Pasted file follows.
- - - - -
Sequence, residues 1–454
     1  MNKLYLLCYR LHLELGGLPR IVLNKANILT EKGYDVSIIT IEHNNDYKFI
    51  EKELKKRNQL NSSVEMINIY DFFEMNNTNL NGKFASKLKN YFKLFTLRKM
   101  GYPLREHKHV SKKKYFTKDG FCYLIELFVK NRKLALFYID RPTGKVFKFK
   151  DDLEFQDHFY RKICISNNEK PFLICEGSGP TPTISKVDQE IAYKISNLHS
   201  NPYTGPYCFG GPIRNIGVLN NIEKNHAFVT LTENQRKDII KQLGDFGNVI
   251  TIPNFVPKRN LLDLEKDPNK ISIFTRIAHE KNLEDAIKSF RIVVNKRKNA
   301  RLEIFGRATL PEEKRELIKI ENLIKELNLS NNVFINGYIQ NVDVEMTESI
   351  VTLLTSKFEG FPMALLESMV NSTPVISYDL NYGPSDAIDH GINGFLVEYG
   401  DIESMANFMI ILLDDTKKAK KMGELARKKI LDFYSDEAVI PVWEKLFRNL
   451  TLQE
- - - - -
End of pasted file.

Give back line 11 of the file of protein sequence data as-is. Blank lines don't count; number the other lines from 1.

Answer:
   451  TLQE